In this episode of “Take a Minute to Relax”, we would like to focus your attention on a small treasure, that’s easy to overlook: Sarasvati Anemone Shrimp (Periclimenes sarasvati). This little beauty is a commensal shrimp, genus of semi-transparent within the family Palaemonidae, often living symbiotically. It has been labelled with many common names, depending on the region of the Indo-Pacific where it is found. Anemone- Carid, Cleaner, Commensal, or even Glass shrimp, due to the fact that their bodies are almost transparent.
A born goddess: Sarasvati Anemone shrimp (Periclimenes sarasvati)
However, the scientific name “Periclimenes sarasvati” rolls so nicely of the tongue, and is beautifully befitting! It has been named after the Hindu goddess Sarasvati, which is the goddess of knowledge, music, arts and science. Periclimenes sarasvati is relatively easy to distinguish from other species in their genus, by the red stripe(s) going through their white eyes. The one in this particular shot also seems to have a bundle of pink eggs in her abdomen. One of the advantages of a transparent body!
This pretty creature grows to a maximum of 2,5 cm and can be found on coral reefs from 2 – 40 meters of depth. They prefer to live in small groups and will form symbiotic relationships with host species, like anemones and corals. It is at these host species, that the Periclimenes sarasvati will set up shop, and open their cleaning business. Because most all reef and pelagic fish species enjoy a good cleaning session once every so often, to rid themselves of parasites, help clean any wounds they might have, and lower their overall stress levels, these cleaners are generally very well respected.
Sarasvati Anemone shrimp (Periclimenes sarasvati) is getting to work
However, when one is so small, it can’t hurt to provide your services from the safety of a voracious killer like an anemone, to which one can retreat, when a customer is showing signs of bad behaviour/intentions. These cleaning stations are fairly easy to spot for anyone diving, and/or snorkelling on a particular reef. When a reef fish hovers over, or next to an anemone or coral for a while, one can be pretty sure that there is a cleaning service in progress at that particular spot.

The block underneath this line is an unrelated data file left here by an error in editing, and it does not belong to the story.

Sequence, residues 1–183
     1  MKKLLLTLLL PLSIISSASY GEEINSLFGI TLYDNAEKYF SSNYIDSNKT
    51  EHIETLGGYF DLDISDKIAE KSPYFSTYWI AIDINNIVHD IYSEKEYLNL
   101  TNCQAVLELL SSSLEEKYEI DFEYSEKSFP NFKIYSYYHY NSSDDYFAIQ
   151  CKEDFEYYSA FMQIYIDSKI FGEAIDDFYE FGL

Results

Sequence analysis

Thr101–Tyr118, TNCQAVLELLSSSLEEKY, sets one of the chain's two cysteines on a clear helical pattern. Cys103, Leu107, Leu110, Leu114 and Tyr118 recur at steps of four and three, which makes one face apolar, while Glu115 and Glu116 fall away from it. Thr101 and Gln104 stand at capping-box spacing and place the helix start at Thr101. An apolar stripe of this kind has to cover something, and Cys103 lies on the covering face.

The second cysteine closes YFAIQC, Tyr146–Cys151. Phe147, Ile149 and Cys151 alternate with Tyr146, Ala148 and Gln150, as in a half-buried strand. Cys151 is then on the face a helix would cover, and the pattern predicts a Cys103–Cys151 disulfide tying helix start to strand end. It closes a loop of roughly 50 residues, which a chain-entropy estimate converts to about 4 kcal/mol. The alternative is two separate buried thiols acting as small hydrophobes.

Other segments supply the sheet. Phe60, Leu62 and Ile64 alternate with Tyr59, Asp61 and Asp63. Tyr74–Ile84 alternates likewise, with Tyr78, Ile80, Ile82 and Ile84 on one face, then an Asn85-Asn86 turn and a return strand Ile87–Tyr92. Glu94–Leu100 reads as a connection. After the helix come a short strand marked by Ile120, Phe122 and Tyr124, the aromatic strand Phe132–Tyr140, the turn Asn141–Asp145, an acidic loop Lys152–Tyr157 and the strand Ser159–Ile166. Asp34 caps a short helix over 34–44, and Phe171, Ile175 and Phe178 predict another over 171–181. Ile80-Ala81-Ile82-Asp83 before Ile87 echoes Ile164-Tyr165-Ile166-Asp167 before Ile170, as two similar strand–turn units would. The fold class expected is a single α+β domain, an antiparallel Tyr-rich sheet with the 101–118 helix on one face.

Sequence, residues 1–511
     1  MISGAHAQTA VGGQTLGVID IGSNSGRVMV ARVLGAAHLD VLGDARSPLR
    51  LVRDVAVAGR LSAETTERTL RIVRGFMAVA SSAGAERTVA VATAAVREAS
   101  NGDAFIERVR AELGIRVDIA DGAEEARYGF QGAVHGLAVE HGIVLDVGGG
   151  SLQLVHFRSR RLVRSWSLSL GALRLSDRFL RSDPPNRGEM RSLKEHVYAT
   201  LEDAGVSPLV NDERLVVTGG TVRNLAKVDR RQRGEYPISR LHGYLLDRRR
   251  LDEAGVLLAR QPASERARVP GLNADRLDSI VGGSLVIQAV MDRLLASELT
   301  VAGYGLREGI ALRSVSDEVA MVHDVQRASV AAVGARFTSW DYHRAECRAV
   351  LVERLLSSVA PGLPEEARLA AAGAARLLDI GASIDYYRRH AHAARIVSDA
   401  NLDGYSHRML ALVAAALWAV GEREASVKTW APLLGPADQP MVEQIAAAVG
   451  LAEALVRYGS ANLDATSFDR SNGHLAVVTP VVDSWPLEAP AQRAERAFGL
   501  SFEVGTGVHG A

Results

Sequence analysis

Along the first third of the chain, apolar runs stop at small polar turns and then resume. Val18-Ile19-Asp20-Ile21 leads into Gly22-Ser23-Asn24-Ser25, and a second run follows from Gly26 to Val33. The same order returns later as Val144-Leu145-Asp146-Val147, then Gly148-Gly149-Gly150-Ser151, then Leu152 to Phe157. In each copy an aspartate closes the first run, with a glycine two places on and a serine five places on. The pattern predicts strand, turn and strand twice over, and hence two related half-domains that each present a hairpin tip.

If and when one manages to approach a cleaning station in such a manner that disturbs neither the “staff” nor the “customers”, one gets the opportunity to observe the behaviour of both, the personnel and their clients, in this cleaning operation. Periclimenes sarasvati tend to hover a fair distance over their host species, to advertise that they’re willing to receive customers. When a fish approaches, they first retreat to the safety of their host’s stinging tentacles, from which they will assess if their potential client is giving the right signals. During this time they may “clap” their hands/arms together in a particular sequence, advertising their willingness to start the cleaning activities.
If, and when the customer displays the right submissive behaviour, signalling they are ready, and willing to be cleaned, without any “funny business”, multiple Periclimenes sarasvati will go to work and clean the customer’s skin, potential wounds, gills, and even the inside of their mouths. Quite some fish will change skin colour before, and during their treatment, to inform the cleaners that they will behave appropriately during the proceedings. After observing all of this, one might even be rewarded with a free manicure themselves!